Good-bye is Never Easy

I have no idea why it’s called a GOOD-bye anyway. More often than not, good-bye is painful, hard, gut-wrenching, and difficult to walk away from. Even necessary good-byes can feel like a punch in the gut. The last month has been littered with farewells, each of them affecting different areas of my heart, but all significant to me.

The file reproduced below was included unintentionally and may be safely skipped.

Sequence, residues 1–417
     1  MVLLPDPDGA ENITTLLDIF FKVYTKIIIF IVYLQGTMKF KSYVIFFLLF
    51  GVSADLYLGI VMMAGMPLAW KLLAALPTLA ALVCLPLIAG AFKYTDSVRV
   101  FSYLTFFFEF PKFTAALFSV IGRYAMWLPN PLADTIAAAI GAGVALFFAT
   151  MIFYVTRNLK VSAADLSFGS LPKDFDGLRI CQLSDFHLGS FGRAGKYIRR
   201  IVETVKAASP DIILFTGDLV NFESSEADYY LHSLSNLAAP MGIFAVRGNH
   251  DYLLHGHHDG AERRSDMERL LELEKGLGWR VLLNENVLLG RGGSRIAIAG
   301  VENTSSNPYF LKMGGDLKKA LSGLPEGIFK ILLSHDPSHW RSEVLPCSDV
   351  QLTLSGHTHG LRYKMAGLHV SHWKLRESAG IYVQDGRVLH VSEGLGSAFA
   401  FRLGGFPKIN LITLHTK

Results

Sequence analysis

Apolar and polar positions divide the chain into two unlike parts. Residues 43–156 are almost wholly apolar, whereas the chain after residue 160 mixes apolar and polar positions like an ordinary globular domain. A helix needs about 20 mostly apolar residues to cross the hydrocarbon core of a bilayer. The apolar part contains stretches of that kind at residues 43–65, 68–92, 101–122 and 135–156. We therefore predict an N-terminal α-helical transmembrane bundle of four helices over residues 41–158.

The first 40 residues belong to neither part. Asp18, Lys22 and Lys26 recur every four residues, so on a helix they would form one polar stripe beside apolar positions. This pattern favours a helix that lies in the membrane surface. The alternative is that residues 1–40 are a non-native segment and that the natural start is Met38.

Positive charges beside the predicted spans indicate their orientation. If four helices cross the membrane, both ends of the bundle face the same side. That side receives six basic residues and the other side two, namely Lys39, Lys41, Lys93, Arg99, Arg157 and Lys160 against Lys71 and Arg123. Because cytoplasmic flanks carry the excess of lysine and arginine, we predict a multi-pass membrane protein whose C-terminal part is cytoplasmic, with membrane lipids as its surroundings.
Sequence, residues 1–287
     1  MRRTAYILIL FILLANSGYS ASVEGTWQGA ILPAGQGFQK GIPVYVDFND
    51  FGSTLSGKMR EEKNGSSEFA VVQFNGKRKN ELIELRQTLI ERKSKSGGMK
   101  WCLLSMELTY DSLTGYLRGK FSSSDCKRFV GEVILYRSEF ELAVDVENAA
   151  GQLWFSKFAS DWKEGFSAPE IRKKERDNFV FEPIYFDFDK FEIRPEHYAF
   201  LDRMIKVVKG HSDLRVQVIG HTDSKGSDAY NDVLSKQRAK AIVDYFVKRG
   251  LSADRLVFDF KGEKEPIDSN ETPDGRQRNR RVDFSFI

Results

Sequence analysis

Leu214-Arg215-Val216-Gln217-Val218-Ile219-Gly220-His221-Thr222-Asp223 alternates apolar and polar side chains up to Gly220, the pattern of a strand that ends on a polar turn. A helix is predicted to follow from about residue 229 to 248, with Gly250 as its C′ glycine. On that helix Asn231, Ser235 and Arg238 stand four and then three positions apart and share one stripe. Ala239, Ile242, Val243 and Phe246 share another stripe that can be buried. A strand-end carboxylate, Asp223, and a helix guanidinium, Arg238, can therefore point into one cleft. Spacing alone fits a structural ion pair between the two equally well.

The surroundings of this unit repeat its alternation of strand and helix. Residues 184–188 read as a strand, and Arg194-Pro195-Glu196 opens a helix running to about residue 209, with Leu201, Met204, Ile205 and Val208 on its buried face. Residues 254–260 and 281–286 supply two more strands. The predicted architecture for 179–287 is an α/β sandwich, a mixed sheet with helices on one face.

I’ll start with a good-bye to a man I don’t actually know personally; but as sports fans, when does that ever matter?? Paul Pierce has spent his entire career with the Boston Celtics, my first love and favorite team of all time. He’s the Captain: loyal, devoted, gutsy, tough, and determined. He stuck with Boston through bleak times (like the Rick Pitino “era”) and carried the team on his back. He didn’t leave, not even when he was stabbed or when he was the only elite player on the court and the team had no shot at competing for a title. He’s also one of the best to ever wear Celtics’ green, second all-time on the franchise scoring list. He always said he wanted to finish his career in Boston, but he’s recently been traded to the Brooklyn Nets. The Brooklyn Nets! Seeing Pierce finish his career in Brooklyn is wrong on so many levels. My head understands pro sports is a business driven by the bottom line, but my heart only knows Paul should retire a Celtic. One of those moments when I’d like to check out and skip next season, but I can’t. True fans don’t do that…plus, I’ll need to cheer for the Captain in Brooklyn.